A few years ago I signed up to do a translation of Nouvelles Impressions d’Afrique by Raymond Roussel (1877-1933) for Princeton University Press. I’d never done a translation before, but, well, I’d written a biography of Roussel so knew his oeuvre pretty thoroughly, and had read Nouvelles Impressions a number of times … How hard could it be?
To the translator the poem presents certain obvious difficulties. The least of these is in fact the most obvious: the poem is written in a very peculiar way, for it makes extensive, very extensive, use of brackets and footnotes. The main text of each of its four cantos is conceived as one gigantic sentence, with a single main verb. The opening lines of these cantos look innocent enough: in each case they set about describing some site in Egypt, but before long Roussel has interrupted this description with a parenthetical thought, and this parenthetical thought is itself then interrupted by another, and then comes a footnote, which will have its own sets of parentheses… Therefore, to figure out its opening syntactic unit you have to turn forward to the lines that succeed the canto’s final closing bracket, that is to the canto’s closing lines, then do the same for the lines introduced by the first bracket and that are picked up between its second last and last bracket, and so on, flipping backwards and forwards, gradually working your way into its middle.
It’s a weird way of constructing a poem, and means it certainly doesn’t look like any other poem ever written on the page. By line 21 of Canto I, for instance, one is up to 5 brackets and the first footnote:
(((((parfois une étincelle,
L’entourant de pompiers qui grimpent à l’échelle,
Fait d’un paisible immeuble un cratère qui bout1))))),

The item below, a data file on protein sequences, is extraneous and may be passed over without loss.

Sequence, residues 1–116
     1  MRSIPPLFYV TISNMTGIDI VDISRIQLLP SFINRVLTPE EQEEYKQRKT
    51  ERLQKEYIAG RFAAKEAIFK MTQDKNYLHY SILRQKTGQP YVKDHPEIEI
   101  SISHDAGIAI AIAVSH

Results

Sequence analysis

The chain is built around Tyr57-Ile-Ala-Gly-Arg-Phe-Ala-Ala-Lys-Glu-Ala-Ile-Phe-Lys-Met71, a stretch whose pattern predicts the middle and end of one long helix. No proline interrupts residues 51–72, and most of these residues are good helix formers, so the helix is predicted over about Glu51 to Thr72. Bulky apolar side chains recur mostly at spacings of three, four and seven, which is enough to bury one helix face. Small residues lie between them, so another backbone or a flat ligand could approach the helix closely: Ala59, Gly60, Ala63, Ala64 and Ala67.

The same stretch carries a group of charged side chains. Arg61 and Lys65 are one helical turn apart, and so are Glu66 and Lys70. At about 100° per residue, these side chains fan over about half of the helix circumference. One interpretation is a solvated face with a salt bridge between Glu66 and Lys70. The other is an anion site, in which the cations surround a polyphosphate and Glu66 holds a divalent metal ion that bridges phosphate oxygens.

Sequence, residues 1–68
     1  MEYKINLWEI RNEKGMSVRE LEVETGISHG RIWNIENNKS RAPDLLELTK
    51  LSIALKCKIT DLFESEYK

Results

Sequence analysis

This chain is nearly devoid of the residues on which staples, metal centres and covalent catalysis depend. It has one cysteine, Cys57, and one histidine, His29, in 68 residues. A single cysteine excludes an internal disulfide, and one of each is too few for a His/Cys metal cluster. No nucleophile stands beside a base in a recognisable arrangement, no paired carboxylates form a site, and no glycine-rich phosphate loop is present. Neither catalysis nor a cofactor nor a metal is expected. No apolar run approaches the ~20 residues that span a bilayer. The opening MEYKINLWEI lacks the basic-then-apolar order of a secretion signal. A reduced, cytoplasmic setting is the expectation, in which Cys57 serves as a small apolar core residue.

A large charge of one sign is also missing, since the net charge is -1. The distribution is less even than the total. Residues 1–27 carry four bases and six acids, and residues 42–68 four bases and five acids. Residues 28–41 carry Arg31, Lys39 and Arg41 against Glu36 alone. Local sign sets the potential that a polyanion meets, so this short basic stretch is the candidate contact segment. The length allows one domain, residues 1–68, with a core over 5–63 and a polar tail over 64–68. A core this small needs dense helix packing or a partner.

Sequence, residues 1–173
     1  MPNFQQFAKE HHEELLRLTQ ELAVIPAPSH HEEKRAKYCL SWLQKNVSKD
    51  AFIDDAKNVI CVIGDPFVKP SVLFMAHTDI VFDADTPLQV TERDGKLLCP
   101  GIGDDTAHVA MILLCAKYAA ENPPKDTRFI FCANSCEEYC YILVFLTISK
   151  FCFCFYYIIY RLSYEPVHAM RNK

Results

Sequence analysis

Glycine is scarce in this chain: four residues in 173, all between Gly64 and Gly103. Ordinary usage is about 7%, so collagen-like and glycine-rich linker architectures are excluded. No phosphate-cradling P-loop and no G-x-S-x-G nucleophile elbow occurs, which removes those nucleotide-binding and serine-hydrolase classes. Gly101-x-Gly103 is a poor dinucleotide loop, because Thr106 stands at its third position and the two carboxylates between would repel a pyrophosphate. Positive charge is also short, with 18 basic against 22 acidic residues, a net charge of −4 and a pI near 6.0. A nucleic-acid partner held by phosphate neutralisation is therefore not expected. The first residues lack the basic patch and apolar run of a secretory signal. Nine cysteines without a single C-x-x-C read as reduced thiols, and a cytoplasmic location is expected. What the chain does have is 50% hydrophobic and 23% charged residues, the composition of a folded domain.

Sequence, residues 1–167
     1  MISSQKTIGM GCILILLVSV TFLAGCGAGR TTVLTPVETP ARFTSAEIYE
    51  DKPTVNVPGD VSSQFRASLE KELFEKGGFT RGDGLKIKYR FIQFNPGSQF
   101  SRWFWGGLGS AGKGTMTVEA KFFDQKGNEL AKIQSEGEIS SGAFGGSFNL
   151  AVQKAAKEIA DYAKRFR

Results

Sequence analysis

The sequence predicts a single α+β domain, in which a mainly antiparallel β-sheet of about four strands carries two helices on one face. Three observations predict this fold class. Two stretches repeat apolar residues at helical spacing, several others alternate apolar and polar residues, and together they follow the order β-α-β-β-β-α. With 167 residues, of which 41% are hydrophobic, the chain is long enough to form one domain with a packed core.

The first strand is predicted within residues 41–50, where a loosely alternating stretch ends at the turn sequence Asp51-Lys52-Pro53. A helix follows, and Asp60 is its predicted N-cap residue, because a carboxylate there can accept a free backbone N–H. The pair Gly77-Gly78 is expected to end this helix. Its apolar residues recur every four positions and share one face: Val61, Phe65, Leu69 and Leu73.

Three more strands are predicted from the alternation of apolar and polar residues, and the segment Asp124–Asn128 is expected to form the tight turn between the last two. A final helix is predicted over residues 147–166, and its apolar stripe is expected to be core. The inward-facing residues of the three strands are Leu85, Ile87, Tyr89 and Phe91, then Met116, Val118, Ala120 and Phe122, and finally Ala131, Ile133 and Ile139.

(((((sometimes a spark,
Causing firemen, climbing ladders, to surround it,
Makes of a peaceful block of flats a boiling crater1))))),
The footnote then tells us that what we really need when a fire breaks out is a giant like Gulliver, who puts out a fire in the Royal Apartments in Lilliput by peeing on them.
But these brackets and footnotes don’t in themselves present a particular problem to the translator. You’ll have noticed from the extract from the French above that the poem rhymes étincelle and échelle, and, being the methodical man he was, the bout after which we get the footnote Roussel then rhymes with the first line of that footnote. Like most of his earlier long poems, Nouvelles Impressions is written in rhyming alexandrines that alternate masculine and feminine rhymes (ie. rhymes ending in a mute e). But I very quickly decided I wouldn’t be emulating these rhymes. Two earlier distinguished translators, Kenneth Koch (whose version of Canto III was published in 1964) and Ian Monk (whose version in pentameter couplets of the whole thing was published in 2004) had amply demonstrated what really extreme feats of ingenuity and invention use of corresponding rhymes could result in, but my primary aim was to make the French comprehensible.
I started off trying to do it all as literally as possible. I’ve just been reading the great translations of Rilke made by Ruth Speirs in Cairo in the 1940s; in a Note she writes: ‘What I have aimed to do is give as exact a translation of Rilke as is humanly possible.’ I suppose that’s what every translator wants, though no doubt their own personality creeps in insidiously.
As a neophyte to the translating business, what most amazed me was how much it resembled, emotionally, what I imagined it felt like to be chained to a corpse! Not that I didn’t enjoy it, in a peculiar sort of way, but I found the lack of freedom translating entails quite mind-bending. You have to turn into English what he or she has written in French, German, Serbo-Croat, Japanese, whatever. How different this was from fooling around creating ‘versions’, as Pound had done with Fenollosa’s notes for his Cathay poems, as I’d done myself with bits of Apuleius and Ronsard and Boethius and Tacitus and Lucretius and Pliny. Here you had to get it right.
It’s made me feel enormous but unenvying admiration for translators, and led me to abandon earlier plans to translate more Roussel, namely his Textes-genèse (one of which, ‘Parmi les noirs’, has been brilliantly Englished by Ron Padgett), and his fragmentary L’Allée aux lucioles. As I neared the end of Canto IV, sleep deserted me night after night. I found it hard to think of anything else; to breathe; translator’s claustrophobia – is there such a condition?
Now I hold the finished book in my hand, it all of course seems ‘worth it’, though that ‘it’ still lurks in a secret strata of my consciousness, warning me not, at least in the foreseeable future, to try ‘it’ again.